The White House is disputing a claim made by Sen. Tom Carper (D-Delaware) that an adviser to President Donald Trump deliberately faked a bad connection to end a phone call with the president.
On Wednesday, during an interview with CNN, Carper said that Gary Cohn, chief economic adviser, abruptly finished a phone discussion about tax reform with Trump earlier this month.
Carper recounted being in a meeting with Cohn, White House Legislative Affairs Director Marc Short, and few other members of the Trump administration, along with some moderate Democrats, when Trump called while traveling in Asia.
"I said, 'Gary, why don't you do this, just take the phone from, you know, your cell phone back and just say, 'Mr. President, you're brilliant, but we're losing contact, and I think we're going to lose you now, so good-bye,'" Carper told Poppy Harlow and John Berman on "CNN Newsroom.”
"That's what he did, and he hung up," Carper continued. "And then we went back to having the kind of conversation where we needed to, where they asked the right kind of questions, looking for consensus and common ground, and I think we identified a little bit."
However, soon after Carper’s on-air account of what occurred, the White House spoke out to dismiss his claims.
“Sen. Carper's claim is completely false," said Raj Shah, the White House's principal deputy press secretary. “Gary Cohn left the room and continued to speak with the president privately for several minutes before they concluded the call.”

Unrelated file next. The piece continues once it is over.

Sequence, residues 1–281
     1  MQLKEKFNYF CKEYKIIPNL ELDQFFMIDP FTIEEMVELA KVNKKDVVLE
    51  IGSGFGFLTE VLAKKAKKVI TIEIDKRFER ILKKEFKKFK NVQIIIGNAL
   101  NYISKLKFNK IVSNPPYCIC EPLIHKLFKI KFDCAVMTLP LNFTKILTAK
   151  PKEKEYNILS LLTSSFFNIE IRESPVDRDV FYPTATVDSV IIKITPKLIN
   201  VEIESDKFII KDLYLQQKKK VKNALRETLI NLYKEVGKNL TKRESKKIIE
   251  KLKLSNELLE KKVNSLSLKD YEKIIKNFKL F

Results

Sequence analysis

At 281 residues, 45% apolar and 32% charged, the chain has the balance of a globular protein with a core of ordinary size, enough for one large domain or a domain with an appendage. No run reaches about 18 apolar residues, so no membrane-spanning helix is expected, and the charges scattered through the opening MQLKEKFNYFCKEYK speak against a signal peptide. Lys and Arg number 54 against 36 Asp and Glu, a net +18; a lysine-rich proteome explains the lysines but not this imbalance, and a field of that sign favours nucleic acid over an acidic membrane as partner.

While Shah’s comments may come across as an attempt at damage control, another Delaware Democrat, Sen. Chris Coons, said he also recalled a slightly different version of Carper’s story.
"It was a long call. It was clear that there was some eagerness in the room for us to resume our conversation. We heard a lot from the president," he reportedly explained to CNN's Jim Sciutto.
"I do remember Sen. Carper making that suggestion. I don't think Gary Cohn abruptly hung up on the president, but it was a challenge to transition him off the call. And I think Gary Cohn handled it appropriately," Coons continued.
One detail that seems to be clear is that Carper made some suggestion for getting off the phone with the longwinded president; however, it is unclear whether Cohn immediately hung up or if he just took the group off speakerphone and wrapped up the conversation in private. A spokeswoman for Carper said the senator did not remember that exact detail.
The big hoopla surrounding whether or not Cohn tricked Trump into getting off the phone is due to the notion that rushing someone off the phone indicates you are not interested in what they have to say. Using this logic, it would seem Cohn and Trump were at odds with each other.
In any event, the mere thought of a staffer using an age-old scheme on Trump, such as faking a poor connection, was enough to set off a string of brilliant Twitter jokes.
Wow, Gary Cohn does the same thing to Trump that I do with my family when they're rambling. Classic.— Shane Morris (@IamShaneMorris) November 22, 2017
Excuses people make to get out of conversations with President Trump:— mieke eoyang (@MiekeEoyang) November 22, 2017
Bad connection -- Gary Cohn
Don't speak Engish -- Akie Abe https://t.co/0m7N0ImKrC
gary cohn: crinkle crinkle hissing sound weird echo— Alexandra Petri (@petridishes) November 22, 2017
trump: did you just say the words 'crinkle crinkle hissing sound'
cohn: oh no dropped call
Gary Cohn on phone with POTUS pic.twitter.com/fJcN1XtpLV— Shawn Reynolds (@ShawnWTVM9) November 22, 2017
Gary Cohn was all pic.twitter.com/fXmLp8jC6k— ElElegante101 (@skolanach) November 22, 2017
Gary Cohn faked a bad connection with Donny to get out of talking to him - can we replicate this on a national level, public-to-president?— Negin Farsad (@NeginFarsad) November 22, 2017
Twitter: Gary Cohn faked a bad connection to get off then phone with Trump.— Frederick Douglass (@gettinnoticedmo) November 22, 2017
Banner / Thumbnail : REUTERS/Yuri Gripas